Monthly Archives: November 2010

Advent Peace!

Here is my sermon from this past weekend. I’m planning to post each sermon on the blog in text form. You can follow this link to Good Shepherd’s website where the audio is posted. I’m not sure how to post audio files into the blog page yet. 🙂

Advent blessings to all of you,

Craig

Advent Peace!

Isaiah 2:1-5 • November 28, 2010
Brothers and sisters in Christ, grace and peace to you from God our Father and our Savior and Lord Jesus Christ, the light and peace of world. Amen.
I believe very strongly that it is through community that we live out our faith. Being alive in Christ is not something that we do alone – it always includes community. At times these communities are great blessings that bring joy and peace. And at other times these communities bring anger, violence, and mis-trust to our lives that is anything but peaceful.
Our Advent worship this year celebrates faith in community with the theme “On Earth as it is in Heaven” today, we’ll take a little time and walk through our Old Testament scripture from the prophet Isaiah which gets us started on our Advent journey.
The prophet Isaiah, whose names literally means “the Lord saves!,” arrives on the biblical scene about 7 centuries before Jesus’ birth. Isaiah’s prophetic message is direct and very clear. One such message is that the desire of God’s heart is for all people to live in peace with God, peace with one another, and to worship God and experience the transforming presence of God.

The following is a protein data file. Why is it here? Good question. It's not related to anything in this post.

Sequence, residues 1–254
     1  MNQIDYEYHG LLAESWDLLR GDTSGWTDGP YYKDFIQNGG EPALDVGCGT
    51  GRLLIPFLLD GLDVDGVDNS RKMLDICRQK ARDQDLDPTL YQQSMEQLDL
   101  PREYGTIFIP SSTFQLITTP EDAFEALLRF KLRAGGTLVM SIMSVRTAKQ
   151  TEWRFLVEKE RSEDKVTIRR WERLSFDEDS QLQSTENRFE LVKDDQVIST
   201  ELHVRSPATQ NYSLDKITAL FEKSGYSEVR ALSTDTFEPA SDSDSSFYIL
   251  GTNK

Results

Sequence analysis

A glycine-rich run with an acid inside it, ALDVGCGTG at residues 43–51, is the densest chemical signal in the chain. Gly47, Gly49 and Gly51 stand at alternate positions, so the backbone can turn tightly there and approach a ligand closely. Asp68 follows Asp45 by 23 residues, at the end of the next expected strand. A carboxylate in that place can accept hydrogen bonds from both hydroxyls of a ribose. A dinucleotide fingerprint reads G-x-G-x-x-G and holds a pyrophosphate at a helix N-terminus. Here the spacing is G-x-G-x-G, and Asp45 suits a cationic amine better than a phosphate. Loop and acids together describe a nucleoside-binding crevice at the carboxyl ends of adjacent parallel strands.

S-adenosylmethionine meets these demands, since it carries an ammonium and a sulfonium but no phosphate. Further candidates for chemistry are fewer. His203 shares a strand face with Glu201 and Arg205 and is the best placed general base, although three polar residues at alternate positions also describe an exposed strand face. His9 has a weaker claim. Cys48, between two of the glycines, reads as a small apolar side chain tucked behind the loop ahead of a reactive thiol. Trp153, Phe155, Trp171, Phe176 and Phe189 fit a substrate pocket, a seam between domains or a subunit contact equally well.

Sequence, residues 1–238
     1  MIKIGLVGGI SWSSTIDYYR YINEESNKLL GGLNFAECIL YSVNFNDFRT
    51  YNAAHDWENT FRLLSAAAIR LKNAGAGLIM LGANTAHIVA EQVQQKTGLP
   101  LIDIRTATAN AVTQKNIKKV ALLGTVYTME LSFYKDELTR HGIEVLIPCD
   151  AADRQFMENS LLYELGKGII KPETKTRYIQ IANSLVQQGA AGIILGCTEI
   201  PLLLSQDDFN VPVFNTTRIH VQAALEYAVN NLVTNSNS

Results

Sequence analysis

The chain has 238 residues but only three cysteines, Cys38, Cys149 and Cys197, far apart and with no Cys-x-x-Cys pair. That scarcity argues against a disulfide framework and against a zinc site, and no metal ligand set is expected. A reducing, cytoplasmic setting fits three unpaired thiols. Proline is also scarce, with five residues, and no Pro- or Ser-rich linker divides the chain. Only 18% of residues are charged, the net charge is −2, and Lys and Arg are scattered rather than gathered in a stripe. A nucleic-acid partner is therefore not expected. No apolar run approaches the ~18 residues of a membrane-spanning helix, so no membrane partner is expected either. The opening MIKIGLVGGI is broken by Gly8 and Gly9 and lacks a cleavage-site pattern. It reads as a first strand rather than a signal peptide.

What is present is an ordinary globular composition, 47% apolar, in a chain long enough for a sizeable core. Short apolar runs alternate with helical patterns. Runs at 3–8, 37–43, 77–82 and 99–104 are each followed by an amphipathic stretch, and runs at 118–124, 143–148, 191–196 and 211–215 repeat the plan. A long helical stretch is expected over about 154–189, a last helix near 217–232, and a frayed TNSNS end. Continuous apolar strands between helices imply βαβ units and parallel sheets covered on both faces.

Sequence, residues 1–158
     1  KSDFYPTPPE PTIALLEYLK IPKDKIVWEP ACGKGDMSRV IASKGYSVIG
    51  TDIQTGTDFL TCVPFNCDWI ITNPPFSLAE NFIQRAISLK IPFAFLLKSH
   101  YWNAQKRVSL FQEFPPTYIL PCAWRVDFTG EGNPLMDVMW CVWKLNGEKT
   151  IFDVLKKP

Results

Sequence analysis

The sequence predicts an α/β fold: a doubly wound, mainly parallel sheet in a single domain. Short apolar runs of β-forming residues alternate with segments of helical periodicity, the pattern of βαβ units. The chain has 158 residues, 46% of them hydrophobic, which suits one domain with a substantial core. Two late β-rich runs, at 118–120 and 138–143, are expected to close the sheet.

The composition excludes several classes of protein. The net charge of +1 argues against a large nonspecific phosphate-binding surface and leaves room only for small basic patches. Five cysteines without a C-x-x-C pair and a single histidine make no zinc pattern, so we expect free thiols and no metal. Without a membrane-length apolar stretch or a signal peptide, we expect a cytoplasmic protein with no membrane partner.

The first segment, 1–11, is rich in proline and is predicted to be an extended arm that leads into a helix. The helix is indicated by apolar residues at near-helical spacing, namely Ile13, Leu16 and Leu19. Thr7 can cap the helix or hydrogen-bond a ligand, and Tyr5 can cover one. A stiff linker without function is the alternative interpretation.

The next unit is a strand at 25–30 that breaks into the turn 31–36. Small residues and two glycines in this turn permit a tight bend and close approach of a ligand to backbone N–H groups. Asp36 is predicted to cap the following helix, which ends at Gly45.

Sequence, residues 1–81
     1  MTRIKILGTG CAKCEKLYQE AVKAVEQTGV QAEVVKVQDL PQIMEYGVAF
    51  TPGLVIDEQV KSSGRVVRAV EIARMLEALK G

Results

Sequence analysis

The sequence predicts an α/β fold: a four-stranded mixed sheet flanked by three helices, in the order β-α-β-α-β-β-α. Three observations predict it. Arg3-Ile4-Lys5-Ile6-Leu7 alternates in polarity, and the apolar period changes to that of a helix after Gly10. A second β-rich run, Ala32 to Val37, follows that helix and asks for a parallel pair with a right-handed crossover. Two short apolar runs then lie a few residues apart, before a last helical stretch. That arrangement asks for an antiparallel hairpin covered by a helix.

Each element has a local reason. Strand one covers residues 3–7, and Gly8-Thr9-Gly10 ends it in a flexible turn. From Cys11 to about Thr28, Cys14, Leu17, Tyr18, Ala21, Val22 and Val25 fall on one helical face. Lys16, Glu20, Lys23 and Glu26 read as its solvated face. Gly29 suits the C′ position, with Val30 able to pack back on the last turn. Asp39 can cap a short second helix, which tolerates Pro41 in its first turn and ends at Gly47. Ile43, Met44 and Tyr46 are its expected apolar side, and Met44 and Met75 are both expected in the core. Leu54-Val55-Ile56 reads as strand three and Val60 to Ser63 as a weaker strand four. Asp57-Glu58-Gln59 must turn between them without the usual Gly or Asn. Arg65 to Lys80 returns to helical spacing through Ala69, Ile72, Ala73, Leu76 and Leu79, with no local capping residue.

Isaiah is identified in verse 1 of our text today, “The word that Isaiah son of Amoz saw concerning Judah and Jerusalem.” And verse 2 begins this prophecy of Isaiah, “In days to come the mountain of the Lord’s house shall be established as the highest of the mountains, and shall be raised above the hills; all the nations shall stream to it.”
Frequently God meets people on a mountain in the Bible. Here is another example of that in the mountain of the Lord’s house or Jerusalem. But Isaiah is not saying Jerusalem is or will be the highest point of elevation in the world, rather, that Jerusalem will be the place where the heavens and earth intersect. The meeting place of God and all humanity. A meeting place of peace for the entire community, no longer a meeting place of war.
We continue with verse 3, “Many peoples shall come and say, “Come, let us go up to the mountain of the Lord, to the house of the God of Jacob (or Israel in this case if you remember to the later part of the book of Genesis); that he may teach us his ways and that we may walk in his paths.” For out of Zion shall go forth instruction and the word of the Lord from Jerusalem.”
This is a not a time of peace in the world. The Assyrians and Babylonians are great powers and war is common place. Isaiah’s prophecy calls nations who were known to be at war to come to the house of the Lord, not to kill and conquer one another, but to learn God’s ways.
Verse 4, “He shall judge between the nations, and shall arbitrate for many peoples; they shall beat their swords into plowshares and their spears into pruning hooks; nation shall not lift up sword against nation, neither shall they learn war any more.”